Myths and Facts
Myth #1: Rape is a sexual act, a crime of passion and lust.
Fact: Rape is a violent crime committed in a sexual manner. It is the sexual release of anger or control or power to inflict violence and humiliation on the victim.
Myth #2: Rape is provoked by the victim; women who are raped are asking for it.
Fact: No one asks to be sexually assaulted. Nor does anyone's behavior justify or excuse the crime. People have the right to be safe from a sexual violation at any time, any place, and under any circumstances. This myth takes away the criminal blame from the rapist and shifts the responsibility for the crime to the victim.
Myth #3: "It can’t happen to me". Rape is an isolated, infrequent act that only happens to certain kinds of people: attractive, young women or women who are promiscuous or provocative.
Fact: Anyone can be sexually assaulted. Victims include infants to people in their nineties, women and men, single and married people, lesbians/gays, people with disabilities, and people from every racial, ethnic, religious, or social background. Although the reported number of assaults is higher in urban areas, sexual assault happens in every area — the city, suburbs, small towns, and rural areas.
Myth #4: Rape is a rare occurrence.
Fact: Statistics show that there is a rape every six minutes in the United States and that one in four women will be a victim of sexual assault. Rape is one of the fastest growing and most underreported crimes in the nation according to FBI crime statistics.
Myth #5: The majority of sexual assaults are committed by strangers at night in dark alleys and isolated places.
Fact: Between 75 and 80% of victims know their attackers, if only slightly, and 35% of sexual assaults occur within the family. It is estimated that incest occurs in 14% of families. Over 50% of sexual assaults occur in the home. As many assaults occur during the daytime as at night.
Myth #6: People can easily avoid situations that can lead to rape. If a person is raped, there is a "right way" to respond during the situation.
Fact: Most rape victims were in an environment they considered safe and were raped by someone they thought they could trust. Since rape is life-threatening and each rapist is different, the best thing for a victim to do is to follow her/his instincts and observe any cues from the rapist. Survival is the goal.
Myth #7: You cannot be assaulted against your will.
Fact: Assailants overpower their victims with the threat of violence or with actual violence. Especially in cases of acquaintance rape or incest, an assailant often uses the victim’s trust to isolate her or him.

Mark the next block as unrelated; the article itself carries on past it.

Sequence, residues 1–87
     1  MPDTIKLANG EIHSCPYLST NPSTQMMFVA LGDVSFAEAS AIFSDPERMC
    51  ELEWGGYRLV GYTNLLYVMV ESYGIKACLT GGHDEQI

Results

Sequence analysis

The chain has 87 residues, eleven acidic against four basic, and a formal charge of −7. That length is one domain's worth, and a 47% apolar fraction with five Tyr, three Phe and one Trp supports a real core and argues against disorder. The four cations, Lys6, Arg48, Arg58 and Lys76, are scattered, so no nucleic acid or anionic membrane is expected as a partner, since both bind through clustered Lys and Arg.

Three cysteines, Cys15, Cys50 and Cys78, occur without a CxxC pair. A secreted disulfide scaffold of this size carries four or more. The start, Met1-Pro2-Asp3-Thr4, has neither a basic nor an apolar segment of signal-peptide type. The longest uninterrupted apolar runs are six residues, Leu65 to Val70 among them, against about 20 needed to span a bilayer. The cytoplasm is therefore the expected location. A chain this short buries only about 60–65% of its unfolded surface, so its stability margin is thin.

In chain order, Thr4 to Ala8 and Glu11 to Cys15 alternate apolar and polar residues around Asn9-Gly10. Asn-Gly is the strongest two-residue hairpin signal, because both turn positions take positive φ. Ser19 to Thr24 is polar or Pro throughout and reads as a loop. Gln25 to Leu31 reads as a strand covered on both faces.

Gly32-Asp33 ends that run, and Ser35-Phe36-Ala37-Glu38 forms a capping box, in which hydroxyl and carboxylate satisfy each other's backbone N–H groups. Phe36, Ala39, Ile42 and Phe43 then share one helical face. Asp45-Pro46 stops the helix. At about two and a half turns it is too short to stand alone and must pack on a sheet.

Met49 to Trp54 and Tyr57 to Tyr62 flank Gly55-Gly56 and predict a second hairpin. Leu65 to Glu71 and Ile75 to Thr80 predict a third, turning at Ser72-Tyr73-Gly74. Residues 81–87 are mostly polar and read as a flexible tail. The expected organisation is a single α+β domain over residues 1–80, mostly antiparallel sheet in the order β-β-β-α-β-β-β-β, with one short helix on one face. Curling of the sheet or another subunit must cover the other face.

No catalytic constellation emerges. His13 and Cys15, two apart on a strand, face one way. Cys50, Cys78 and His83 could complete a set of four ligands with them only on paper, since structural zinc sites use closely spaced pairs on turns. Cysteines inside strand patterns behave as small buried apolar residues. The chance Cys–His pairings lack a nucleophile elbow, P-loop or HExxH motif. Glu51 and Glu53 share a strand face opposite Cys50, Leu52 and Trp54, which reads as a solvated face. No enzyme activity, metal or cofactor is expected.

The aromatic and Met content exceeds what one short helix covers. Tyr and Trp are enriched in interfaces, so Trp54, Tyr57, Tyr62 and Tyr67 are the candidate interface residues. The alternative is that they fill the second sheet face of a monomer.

Myth #8: Sexual assault does not happen to men; if men are raped, it is homosexual rape.
Fact: Same sex assault is a frequent and serious crime. It can and does happen to men. 96% of rapists are heterosexual and only 4% of same sex assaults are homosexual assaults. The frequency of male sexual assault is difficult to estimate because of our reluctance to recognize the crime and the victim's reluctance to report. In our society, men are expected to be in control, powerful, strong, and never afraid.
Myth #9: Rape is an impulsive, uncontrollable act of sexual gratification. Most rapes are spontaneous.
Fact: 75% of all rapes are planned in advance. When three or more assailants are involved, 90% are planned. If two assailants are involved, 83% are planned. With one assailant, 58% are planned.
Myth #10: Rape does not occur in marriage.
Fact: Regardless of marital or social relationship, if a woman does not consent to sexual activity, she is being sexually assaulted. In reality, approximately 14% of women are victims of rape committed by their husband. Most states have laws prohibiting rape in marriage.
Myth #11: Women frequently cry "rape." There is a high rate of false reporting.
Fact: Studies show that only 2-4% of rape reports are false, which is no higher than in the reporting of other violent felonies.
Myth #12: Rapists are abnormal perverts or men with an unsatisfied sex drive. Only "sick" or "insane" men rape women.
Fact: Rapists have normal sex drives, are generally sexually active (married or have available sex partners), and exhibit "normal" types of behavior, with the exception of a greater than average tendency to be aggressive or violent. Rapists equate manhood with being in control, being aggressive, and carrying out sexual acts. Rape is a way to punish and degrade their victims and the sense of power, discharge or anger, and aggression often are more important than any sexual gratification.